When Amazon is your biggest competitor, you must have a top-notch engineering department and a laser-sharp focus on your online business if you want to stay relevant in the tough world of retail sales.
For Lakshmi Sharma, vice president of cloud and compute at Target, that means figuring out how the retailer can use software to achieve efficiencies across private cloud, public cloud, and the data center. Sharma, a software-defined networking (SDN) expert and veteran of firms like Brocade, Cisco, and Rift.io, recently talked with SDxCentral Editor-in-Chief Sue Marek about her top IT priorities at Target. This interview has been edited for clarity.
How do you transition from legacy applications and infrastructure to a more virtualized environment that is state-of-the-art?
The good news is that our current leadership comes from a background that has made this transition from legacy, to the new world of virtualization and cloud. They have experience in this and know what to do to grow the business.
One message from the leadership team was that we needed to consolidate in terms of vendors. There were a lot of contractors working from different agencies, and there were a lot of partners that were offering similar services.
We consolidated those vendors and that gave us an inventory of what was useful and what we could retire. That is where we started.
We reviewed all our applications and consolidated them or retired those that were no longer necessary.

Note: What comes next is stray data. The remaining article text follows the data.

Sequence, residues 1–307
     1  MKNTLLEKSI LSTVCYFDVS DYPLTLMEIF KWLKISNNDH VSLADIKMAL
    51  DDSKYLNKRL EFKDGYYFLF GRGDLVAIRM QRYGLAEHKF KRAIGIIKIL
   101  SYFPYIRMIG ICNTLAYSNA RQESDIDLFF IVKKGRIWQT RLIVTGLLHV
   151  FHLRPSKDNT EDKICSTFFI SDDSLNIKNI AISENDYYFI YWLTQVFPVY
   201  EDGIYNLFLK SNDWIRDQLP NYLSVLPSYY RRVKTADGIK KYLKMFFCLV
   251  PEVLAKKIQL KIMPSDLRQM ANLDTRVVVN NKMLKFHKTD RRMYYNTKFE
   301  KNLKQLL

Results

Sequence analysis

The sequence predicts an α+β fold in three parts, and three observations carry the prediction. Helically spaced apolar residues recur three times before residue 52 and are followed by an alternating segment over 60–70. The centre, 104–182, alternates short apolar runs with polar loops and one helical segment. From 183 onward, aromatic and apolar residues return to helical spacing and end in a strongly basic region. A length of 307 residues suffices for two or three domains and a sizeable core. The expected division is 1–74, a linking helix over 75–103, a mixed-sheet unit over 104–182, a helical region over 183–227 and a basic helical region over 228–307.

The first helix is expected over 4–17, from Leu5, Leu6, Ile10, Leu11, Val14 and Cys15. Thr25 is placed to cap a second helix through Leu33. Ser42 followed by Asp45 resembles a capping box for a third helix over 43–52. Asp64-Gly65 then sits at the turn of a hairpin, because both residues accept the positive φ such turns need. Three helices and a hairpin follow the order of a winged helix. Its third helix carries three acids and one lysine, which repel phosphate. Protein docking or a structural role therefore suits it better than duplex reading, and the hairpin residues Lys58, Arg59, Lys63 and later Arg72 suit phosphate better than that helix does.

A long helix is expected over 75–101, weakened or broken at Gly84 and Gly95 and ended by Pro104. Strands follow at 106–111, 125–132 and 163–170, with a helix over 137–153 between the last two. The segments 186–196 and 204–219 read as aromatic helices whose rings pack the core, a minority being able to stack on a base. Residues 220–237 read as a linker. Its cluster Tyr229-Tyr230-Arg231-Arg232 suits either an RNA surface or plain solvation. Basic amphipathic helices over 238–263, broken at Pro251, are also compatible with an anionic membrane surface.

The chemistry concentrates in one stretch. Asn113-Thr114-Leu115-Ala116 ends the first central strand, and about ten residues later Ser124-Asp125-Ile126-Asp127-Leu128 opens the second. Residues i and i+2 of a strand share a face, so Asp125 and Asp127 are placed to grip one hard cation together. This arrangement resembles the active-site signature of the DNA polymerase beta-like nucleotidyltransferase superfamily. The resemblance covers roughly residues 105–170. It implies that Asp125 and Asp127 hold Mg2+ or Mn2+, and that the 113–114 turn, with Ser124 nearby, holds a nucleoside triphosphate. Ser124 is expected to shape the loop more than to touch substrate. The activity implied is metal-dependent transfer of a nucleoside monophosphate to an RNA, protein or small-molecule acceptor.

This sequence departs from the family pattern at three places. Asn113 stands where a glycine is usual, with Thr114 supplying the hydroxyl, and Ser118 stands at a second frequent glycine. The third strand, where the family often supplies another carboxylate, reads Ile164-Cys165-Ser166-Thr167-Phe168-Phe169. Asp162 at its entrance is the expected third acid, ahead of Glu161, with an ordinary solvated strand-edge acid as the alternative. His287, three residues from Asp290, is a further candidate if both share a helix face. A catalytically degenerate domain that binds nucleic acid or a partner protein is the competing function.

Give me an example of an app that you retired that no longer was necessary?
People in IT are often afraid of migrating legacy apps that are running on the mainframe. We made an effort to look at what was running on the mainframe, and then we identified what wasn’t being used. That was a huge benefit.
Secondly there were demands in different parts of the company, and there were projects in which each team would build a solution to help the customer.
While that made the company faster, each team ended up choosing their own technology and execution. There was a lot of virtualization already in place because of that. But it created a lot of different versions of operating systems and different versions of hypervisors, and job tools, and tools for building the code.
The first thing we did was consolidate it and move from a services level view to a product level view. Then we helped educate and train the workforce from the leadership down to the DevOps teams. That helped us consolidate the operating systems and software and still maintain the speed and agility that is required.
What percentage of your apps are in the public cloud vs. the private cloud, and how do you decide which apps go where?
We continue to evaluate what is going in the public cloud and what goes in the private cloud. The general philosophy is that anything that is bursty in nature, or if you need to instantiate something that is required for that hour or two, you will want to use the public cloud and make use of that elasticity of the public cloud.
Also applications that are guest-facing that require diversity in terms of geographic locations and latency. In those scenarios, the public cloud will have reach in different data centers and be helpful.